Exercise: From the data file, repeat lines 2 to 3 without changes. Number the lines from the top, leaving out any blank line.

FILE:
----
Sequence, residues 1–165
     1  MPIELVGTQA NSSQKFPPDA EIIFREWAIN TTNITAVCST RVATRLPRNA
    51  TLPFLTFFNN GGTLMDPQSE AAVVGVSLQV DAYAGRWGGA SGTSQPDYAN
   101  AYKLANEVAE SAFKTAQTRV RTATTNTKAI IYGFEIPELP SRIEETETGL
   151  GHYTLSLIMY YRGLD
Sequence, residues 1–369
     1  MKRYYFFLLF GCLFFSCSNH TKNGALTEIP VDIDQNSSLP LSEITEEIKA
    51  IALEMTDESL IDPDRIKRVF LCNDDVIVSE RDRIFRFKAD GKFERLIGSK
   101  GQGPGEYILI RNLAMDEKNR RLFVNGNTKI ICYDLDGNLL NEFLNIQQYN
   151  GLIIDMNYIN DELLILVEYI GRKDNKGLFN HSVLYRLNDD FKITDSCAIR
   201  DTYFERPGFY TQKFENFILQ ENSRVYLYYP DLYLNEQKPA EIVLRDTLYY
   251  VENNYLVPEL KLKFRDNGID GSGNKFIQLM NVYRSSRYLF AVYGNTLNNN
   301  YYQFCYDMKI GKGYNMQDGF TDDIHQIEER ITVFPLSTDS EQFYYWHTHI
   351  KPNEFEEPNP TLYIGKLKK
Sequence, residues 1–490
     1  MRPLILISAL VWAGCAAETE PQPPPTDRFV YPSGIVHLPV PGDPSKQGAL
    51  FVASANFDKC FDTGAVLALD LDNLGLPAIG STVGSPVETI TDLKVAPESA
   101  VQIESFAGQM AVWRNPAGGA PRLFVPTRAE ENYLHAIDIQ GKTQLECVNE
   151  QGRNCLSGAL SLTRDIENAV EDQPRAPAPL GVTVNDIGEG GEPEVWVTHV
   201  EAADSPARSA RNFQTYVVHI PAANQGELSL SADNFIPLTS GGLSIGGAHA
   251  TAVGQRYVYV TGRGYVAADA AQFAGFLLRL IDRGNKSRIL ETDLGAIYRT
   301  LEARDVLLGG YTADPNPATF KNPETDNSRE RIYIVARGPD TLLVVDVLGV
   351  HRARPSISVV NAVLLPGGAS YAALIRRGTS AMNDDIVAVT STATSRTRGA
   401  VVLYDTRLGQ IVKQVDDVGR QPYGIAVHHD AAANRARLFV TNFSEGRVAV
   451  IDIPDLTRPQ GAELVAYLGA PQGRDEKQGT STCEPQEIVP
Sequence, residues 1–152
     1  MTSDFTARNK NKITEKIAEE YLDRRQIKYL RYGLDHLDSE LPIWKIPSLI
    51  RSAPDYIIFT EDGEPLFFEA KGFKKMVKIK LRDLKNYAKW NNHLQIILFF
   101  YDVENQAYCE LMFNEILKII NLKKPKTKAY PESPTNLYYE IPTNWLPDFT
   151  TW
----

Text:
     1  MPIELVGTQA NSSQKFPPDA EIIFREWAIN TTNITAVCST RVATRLPRNA
    51  TLPFLTFFNN GGTLMDPQSE AAVVGVSLQV DAYAGRWGGA SGTSQPDYAN